Anthonique Strachan of Bahamas wins the Women's 200 metres Final on the day four of the 14th IAAF World Junior Championships in Barcelona on 13 July 2012 (Getty Images) © Copyright
“I thought I might have 22.60 in me but I'm amazed I was able to go even faster. I'm really tired after seven races in four days, I would have loved to have also been contesting the 4x100m relay final but we didn't get the baton round in the heats so that's the Championships finished for me,” reflected Strachan, who moves up to ninth on the World junior all-time list after the fastest outing over what American writers like to call 'the furlong' for four years.
“I knew (the American sprinter) Dezerea Bryant was a very fast starter and she was in the lane outside me so I decided to feed off her start, which I did for a while, but I had to control my speed on the bend so that I could come home strong. I had to work the bend, letting my momentum drive me along,” added the 18-year-old from the Caribbean.
Her strength saw her pull away from any potential rivals for the gold medal in the final quarter of the race to come home over half-a-second clear of another member of the United States' team, eventual silver medallist Olivia Ekpone, who clocked 23.15.
The quickest woman out of her blocks, Bryant, was given the same time as her compatriot but eventually had to settle for the bronze medal after the judges had studied the photo-finish.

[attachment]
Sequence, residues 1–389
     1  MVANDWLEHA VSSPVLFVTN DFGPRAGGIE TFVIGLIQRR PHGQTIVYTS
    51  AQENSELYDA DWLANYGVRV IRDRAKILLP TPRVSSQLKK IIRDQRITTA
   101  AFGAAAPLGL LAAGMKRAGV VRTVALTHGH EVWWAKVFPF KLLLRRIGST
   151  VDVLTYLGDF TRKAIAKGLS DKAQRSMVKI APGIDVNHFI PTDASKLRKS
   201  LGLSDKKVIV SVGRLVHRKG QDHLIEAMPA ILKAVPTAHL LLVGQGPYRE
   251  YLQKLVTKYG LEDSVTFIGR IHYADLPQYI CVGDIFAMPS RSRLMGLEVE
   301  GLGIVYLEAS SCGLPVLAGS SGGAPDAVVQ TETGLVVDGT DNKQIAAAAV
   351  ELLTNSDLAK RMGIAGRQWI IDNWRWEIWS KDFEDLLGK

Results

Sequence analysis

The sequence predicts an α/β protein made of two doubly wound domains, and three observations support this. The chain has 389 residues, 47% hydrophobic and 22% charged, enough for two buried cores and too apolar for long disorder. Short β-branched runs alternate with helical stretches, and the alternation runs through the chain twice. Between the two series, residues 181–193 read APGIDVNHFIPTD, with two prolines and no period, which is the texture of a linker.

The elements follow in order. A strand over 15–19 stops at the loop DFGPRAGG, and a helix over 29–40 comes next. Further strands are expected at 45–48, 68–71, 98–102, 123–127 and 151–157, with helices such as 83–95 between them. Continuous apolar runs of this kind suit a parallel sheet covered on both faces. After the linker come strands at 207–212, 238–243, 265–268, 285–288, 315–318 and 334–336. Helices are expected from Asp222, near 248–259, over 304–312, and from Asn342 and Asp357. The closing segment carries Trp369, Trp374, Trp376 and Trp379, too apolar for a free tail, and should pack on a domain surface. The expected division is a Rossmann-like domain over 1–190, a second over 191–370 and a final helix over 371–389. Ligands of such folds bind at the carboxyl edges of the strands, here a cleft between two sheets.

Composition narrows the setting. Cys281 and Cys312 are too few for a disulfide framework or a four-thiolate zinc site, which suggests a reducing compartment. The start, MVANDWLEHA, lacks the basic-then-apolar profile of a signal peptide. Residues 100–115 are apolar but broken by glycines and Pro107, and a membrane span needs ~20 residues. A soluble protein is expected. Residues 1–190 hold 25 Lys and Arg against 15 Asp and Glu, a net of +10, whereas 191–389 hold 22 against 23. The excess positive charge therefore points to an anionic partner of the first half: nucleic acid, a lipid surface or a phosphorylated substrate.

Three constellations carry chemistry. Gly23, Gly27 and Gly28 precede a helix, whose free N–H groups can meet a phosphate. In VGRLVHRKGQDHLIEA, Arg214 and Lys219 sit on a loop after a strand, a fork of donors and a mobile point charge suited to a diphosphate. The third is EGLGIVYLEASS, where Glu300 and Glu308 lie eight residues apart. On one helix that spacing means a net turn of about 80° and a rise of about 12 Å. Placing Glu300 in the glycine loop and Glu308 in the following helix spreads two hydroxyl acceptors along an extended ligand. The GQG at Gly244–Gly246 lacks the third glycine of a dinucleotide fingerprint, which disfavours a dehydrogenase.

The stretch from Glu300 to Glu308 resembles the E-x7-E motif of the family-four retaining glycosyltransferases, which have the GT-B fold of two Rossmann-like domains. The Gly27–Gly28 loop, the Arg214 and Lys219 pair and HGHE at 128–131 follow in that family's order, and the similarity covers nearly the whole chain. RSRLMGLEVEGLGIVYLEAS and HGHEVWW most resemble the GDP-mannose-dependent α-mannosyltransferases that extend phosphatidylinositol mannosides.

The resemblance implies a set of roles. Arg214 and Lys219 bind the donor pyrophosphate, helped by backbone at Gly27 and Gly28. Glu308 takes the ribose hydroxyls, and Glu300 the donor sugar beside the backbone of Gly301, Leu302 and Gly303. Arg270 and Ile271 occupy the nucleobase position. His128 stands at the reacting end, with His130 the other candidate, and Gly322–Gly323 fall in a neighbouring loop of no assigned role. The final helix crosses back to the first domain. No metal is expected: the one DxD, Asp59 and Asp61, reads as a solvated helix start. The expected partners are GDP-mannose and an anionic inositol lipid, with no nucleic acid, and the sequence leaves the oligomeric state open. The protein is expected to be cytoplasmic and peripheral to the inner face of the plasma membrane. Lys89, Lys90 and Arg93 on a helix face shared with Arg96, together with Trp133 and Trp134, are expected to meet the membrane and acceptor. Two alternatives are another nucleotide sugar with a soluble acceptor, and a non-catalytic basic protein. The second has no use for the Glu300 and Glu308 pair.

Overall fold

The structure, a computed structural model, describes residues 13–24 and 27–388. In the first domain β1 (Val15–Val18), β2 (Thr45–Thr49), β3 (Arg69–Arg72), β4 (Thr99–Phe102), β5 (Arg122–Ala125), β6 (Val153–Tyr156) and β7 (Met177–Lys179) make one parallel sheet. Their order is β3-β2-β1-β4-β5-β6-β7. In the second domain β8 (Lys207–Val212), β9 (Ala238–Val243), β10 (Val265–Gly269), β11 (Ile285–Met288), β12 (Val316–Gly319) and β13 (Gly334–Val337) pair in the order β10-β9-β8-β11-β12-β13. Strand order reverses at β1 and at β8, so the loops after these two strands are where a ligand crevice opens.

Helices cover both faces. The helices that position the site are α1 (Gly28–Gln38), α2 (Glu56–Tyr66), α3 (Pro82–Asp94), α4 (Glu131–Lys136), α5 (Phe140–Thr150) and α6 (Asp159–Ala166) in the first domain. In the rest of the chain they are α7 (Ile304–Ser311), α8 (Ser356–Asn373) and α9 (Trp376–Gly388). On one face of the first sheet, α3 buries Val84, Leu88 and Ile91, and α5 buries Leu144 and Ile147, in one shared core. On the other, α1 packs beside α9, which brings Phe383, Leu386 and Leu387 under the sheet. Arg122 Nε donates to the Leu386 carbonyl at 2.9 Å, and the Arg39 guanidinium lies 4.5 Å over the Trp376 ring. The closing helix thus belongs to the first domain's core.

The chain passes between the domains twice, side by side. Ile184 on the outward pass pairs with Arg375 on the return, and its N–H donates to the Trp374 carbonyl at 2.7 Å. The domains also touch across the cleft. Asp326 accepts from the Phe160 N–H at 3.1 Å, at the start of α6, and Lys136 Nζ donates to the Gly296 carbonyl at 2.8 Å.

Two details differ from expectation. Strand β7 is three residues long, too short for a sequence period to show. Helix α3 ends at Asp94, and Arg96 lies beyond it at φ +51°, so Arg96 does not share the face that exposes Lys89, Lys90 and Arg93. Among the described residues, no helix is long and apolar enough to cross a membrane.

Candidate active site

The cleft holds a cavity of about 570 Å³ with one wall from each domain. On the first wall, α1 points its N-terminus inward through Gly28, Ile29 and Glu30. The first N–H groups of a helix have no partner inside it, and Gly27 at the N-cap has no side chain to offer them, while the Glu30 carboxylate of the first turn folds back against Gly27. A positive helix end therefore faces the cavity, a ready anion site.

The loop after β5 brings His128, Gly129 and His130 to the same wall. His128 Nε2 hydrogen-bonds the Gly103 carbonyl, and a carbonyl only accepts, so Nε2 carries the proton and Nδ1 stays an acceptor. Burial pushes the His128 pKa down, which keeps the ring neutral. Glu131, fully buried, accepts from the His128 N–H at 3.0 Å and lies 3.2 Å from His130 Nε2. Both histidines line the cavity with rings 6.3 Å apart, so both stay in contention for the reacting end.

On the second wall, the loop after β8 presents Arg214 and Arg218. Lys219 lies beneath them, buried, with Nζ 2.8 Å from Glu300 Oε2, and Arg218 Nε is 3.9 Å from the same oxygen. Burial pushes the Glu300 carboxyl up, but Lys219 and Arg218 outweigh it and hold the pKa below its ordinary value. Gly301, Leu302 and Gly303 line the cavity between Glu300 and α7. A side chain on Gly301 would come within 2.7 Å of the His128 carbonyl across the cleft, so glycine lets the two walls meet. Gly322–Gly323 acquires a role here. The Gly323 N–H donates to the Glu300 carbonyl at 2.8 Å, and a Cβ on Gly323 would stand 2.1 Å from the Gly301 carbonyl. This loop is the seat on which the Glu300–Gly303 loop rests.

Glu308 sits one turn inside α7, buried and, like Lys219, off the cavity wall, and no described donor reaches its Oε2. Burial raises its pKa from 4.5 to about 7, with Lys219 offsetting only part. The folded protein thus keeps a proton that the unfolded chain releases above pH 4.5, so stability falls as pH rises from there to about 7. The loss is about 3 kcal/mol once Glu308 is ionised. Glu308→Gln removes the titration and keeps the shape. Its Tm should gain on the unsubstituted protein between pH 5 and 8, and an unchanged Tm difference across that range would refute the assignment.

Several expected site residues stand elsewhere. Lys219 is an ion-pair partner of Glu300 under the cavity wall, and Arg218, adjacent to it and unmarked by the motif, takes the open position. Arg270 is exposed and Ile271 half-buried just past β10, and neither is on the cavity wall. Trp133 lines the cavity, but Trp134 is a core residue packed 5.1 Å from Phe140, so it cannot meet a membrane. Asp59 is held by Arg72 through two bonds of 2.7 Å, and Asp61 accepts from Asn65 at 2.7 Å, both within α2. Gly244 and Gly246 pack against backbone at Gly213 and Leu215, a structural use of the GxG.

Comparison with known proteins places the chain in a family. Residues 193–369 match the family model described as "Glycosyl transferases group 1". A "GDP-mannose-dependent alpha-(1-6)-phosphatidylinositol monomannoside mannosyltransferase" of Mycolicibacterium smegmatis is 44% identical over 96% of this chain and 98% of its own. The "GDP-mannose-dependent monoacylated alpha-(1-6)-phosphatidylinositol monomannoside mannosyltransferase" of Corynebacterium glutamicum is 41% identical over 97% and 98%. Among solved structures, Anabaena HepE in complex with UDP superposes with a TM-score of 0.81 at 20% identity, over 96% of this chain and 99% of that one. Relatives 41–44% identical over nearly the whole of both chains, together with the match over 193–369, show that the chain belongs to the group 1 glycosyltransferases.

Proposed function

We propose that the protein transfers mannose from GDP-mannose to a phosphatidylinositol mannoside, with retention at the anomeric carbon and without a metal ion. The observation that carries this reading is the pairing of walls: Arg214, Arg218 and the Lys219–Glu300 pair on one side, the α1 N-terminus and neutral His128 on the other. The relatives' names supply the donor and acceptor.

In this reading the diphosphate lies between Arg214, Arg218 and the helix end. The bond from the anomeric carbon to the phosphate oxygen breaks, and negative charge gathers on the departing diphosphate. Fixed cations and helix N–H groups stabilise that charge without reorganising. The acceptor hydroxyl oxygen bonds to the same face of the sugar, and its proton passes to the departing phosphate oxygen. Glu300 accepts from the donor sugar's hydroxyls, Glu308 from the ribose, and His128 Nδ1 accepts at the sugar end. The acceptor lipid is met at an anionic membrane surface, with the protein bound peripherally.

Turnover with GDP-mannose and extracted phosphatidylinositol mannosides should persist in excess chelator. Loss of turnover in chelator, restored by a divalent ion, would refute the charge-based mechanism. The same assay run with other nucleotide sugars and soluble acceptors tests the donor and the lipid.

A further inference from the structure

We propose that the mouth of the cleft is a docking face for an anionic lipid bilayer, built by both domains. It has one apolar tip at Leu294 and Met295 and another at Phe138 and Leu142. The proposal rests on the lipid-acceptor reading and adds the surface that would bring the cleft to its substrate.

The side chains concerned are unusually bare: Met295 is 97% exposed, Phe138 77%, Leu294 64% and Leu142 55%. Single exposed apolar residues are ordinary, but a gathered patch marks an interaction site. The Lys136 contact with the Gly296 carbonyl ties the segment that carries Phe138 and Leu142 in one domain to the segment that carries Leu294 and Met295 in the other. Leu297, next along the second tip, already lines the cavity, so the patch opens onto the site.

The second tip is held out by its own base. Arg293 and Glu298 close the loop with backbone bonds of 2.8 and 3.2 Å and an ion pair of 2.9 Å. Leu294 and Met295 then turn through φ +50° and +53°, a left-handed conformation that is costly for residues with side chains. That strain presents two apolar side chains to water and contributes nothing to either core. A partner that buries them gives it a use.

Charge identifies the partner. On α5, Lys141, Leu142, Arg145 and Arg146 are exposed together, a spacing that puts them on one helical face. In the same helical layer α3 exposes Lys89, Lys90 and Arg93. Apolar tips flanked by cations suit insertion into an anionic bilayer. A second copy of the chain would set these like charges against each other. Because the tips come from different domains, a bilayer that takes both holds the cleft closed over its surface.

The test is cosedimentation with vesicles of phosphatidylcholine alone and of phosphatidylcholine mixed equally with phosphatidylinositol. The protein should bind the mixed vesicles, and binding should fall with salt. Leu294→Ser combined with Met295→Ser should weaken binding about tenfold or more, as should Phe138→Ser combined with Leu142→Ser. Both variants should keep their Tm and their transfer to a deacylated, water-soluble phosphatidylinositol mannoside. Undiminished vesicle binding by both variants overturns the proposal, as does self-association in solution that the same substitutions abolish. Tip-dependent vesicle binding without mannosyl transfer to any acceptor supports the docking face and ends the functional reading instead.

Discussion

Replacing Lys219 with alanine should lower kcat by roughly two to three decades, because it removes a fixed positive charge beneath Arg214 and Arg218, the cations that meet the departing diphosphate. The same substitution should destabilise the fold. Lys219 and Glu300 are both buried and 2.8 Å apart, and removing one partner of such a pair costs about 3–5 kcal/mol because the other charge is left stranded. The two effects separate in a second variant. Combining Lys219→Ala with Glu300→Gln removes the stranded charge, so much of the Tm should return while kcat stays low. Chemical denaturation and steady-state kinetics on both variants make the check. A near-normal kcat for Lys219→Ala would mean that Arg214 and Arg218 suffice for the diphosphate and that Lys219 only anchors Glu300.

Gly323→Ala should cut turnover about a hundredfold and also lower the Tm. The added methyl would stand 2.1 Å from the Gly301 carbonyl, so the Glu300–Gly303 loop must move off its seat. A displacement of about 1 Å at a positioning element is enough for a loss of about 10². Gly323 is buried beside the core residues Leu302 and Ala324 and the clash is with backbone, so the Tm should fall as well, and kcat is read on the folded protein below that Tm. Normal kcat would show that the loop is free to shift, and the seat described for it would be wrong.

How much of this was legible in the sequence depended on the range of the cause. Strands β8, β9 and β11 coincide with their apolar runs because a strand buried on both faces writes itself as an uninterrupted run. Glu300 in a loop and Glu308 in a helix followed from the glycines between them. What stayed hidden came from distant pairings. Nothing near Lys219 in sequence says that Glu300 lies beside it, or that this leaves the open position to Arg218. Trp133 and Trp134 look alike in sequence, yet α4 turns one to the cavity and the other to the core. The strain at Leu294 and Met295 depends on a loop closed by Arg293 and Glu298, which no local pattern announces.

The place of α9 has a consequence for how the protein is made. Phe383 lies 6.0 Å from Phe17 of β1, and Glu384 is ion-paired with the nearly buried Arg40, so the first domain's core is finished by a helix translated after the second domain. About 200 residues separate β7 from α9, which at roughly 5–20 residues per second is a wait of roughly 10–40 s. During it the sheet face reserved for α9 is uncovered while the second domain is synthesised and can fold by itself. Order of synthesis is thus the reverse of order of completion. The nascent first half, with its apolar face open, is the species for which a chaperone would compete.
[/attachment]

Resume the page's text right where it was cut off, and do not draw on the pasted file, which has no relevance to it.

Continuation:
More battles between the trio now look to be staged in the coming years as Strachan looks set to move away from her Caribbean home and follow a well-trodden path to study at an American university in the near future.
It would be indiscreet to mention where she has in mind as the formal paperwork has apparently yet to be done but astute observers of US college system will have little problem whittling down her potential destinations to a very short list.
“It's a place where there are already a lot Bahamian athletes and also Trinidad athletes, and it's a place where there are also some professional athletes still based like (her compatriot and 2008 Olympic Games Triple Jump bronze medallist) Leevan Sands and a lot more. There will be a lot of people I know there, I will not be lonely or short of company.”
She has not been lonely in Barcelona either. The Bahamian team and its supporters sitting in the stands have been one of the most colourful and noisy of all the 178 nations represented in the Catalan city, cheering on their athletes to the sound of what most Europeans would describe as Swiss cow bells.
Strachan has deservedly been their heroine over the past few days, doubling the number of gold medals won by Bahamas athletes in the history of Championships with only Shenique Ferguson 200m win in 2008 and Shaunae Miller's victory over 400m two years ago having provided a trip to the top of the podium before Strachan stretched out her long legs.
The quietly spoken but erudite Strachan benefited from Miller's experience in Moncton, Canada, two years ago, despite the fact the latter is almost a year younger than her team-mate.
“Shaunae told me just to stay calm and that the crowd was going to make a lot of noise. Usually I have a few problems hearing things with large crowds but Shaunae's advice worked.”
Every cloud has a silver lining and with the Bahamas' 4x100m relay team having been eliminated in the heats on Friday, Strachan can finally relax.
“I'm going to now be a tourist, I hope to see everything in the city now I'm done, but even if I didn't do anything away from the track, I can say I've enjoyed it so far. Even just looking out of the bus on the way to the track was fun.
However, everything is a little more fun when you have had two gold medals around your neck as Strachan became just the third person to do the sprint double at the IAAF World Junior Championships.
Phil Minshull for the IAAF